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ISO Sensitivity / Noise levels

ISO equivalence on a digital camera is the ability to increase the sensitivity of the sensor. This works by turning up the "volume" (gain) on the sensor's signal amplifiers (remember the sensor is an analogue device). By amplifying the signal you also amplify the noise which becomes more visible at higher ISO's. Many modern cameras also employ noise reduction and / or sharpness reduction at higher sensitivities.


To measure noise levels we take a sequence of images of a GretagMacBeth ColorChecker chart (controlled artificial daylight lighting). The exposure is matched to the ISO (ie. ISO 200, 1/200 sec for consistency of exposure between cameras). The image sequence is run through our own proprietary noise measurement tool (version 1.5 in this review). Click here for more information. (Note that noise values indicated on the graphs here can not be compared to those in other reviews.)

Panasonic DMC-LX2 vs Nikon Coolpi P3 vs Ricoh GR-D (ISO 50-400)

n/a Nikon Coolpix P3
ISO 50

Ricoh GR-D
ISO 64

 

Panasonic DMC-LX2
ISO 100
Nikon Coolpix P3
ISO 100
Ricoh GR-D
ISO 100

Panasonic DMC-LX2
ISO 200
Nikon Coolpix P3
ISO 200
Ricoh GR-D
ISO 200

Panasonic DMC-LX2
ISO 400
Nikon Coolpix P3
ISO 400
Ricoh GR-D
ISO 400

Panasonic LX2 High ISO settings (ISO 800 and 1600)

  Panasonic DMC-LX2
ISO 800
Panasonic DMC-LX2
ISO 1600
Crops

With tiny, high pixel count chips noise is always going to be an issue, and to a large degree this is more a test of the effectiveness (both measurable and visible) of a camera's noise reduction system. Designers have to balance the desire to produce smooth, clean results with the need to retain as much detail as possible (if you blur away the noise, you blur away image detail too).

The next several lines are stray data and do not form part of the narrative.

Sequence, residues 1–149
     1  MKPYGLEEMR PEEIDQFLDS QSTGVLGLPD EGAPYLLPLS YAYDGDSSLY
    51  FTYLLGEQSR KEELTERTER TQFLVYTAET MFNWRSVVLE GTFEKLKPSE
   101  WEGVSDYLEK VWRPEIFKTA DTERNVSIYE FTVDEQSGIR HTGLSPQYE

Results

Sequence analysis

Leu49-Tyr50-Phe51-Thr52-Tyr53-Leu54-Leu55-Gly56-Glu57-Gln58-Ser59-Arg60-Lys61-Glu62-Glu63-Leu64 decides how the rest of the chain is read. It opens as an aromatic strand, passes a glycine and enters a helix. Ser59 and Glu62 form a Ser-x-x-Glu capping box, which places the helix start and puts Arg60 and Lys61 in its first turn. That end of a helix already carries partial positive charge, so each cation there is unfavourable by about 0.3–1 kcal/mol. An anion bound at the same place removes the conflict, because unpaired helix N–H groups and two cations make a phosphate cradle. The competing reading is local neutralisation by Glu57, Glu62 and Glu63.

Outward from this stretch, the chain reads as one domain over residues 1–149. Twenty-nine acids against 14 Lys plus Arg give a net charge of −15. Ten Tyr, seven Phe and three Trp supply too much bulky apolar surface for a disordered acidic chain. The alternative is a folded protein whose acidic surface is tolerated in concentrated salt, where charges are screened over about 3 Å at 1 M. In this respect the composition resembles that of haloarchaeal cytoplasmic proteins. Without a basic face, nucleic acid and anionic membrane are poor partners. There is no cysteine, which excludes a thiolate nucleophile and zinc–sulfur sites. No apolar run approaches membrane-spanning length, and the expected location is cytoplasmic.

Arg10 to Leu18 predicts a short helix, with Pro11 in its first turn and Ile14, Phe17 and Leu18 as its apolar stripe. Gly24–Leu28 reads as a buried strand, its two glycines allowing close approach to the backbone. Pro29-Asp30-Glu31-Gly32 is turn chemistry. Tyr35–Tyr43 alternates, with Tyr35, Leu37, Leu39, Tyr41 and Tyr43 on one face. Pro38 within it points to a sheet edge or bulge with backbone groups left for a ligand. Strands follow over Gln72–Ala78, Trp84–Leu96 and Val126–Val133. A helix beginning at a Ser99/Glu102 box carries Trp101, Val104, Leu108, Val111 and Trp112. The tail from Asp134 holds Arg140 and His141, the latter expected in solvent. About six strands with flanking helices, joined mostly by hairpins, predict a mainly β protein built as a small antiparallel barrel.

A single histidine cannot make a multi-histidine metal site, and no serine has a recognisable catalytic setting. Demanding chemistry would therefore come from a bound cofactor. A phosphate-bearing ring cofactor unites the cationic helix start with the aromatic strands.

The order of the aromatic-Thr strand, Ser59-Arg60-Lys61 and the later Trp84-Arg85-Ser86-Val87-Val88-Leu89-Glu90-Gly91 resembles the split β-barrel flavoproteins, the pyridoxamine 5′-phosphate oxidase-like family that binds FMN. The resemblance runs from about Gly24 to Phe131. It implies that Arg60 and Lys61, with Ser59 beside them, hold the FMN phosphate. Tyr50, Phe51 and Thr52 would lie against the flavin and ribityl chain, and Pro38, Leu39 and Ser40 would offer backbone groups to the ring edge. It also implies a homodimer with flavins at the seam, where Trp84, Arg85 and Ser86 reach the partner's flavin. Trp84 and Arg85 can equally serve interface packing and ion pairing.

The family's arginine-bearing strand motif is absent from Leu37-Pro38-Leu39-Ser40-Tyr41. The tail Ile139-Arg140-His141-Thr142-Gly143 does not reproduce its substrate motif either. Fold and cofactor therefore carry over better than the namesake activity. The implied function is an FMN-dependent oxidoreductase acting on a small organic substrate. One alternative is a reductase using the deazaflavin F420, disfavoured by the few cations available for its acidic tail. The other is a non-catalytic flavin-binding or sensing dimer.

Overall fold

Everything we said about the FZ50 applies here; yes the Venus III processor produces measurably lower noise, it does so at the expense of fine detail; particularly chroma information, which is smeared away at anything over ISO 100 if you use the default noise reduction setting (as here).

Luminance noise graph

Cameras compared:
Panasonic DMC-LX2, Canon PowerShot S80, Ricoh GR-D
Note: ISO 50-1600 only (the LX2's ISO 3200 mode uses pixel-binning and is not full resolution).

Indicated ISO sensitivity is on the horizontal axis of this graph, standard deviation of luminosity is on the vertical axis. To see this graph 'zoomed' to show only ISO 50-400 click here.

As usual what we're really looking at here isn't 'noise' as much as noise reduction, and - as we've seen from visual assessment of the files - the LX2 has very low noise compared to its competitors - especially at higher ISO settings.

RGB noise graph

Indicated ISO sensitivity is on the horizontal axis of this graph, standard deviation of each of the red, green and blue channels is on the vertical axis. To see this graph 'zoomed' to show only ISO 50-400 click here.

As the graph shows, chroma noise starts low and nose-dives at ISO 400 when the Venus III smearing really kicks in.

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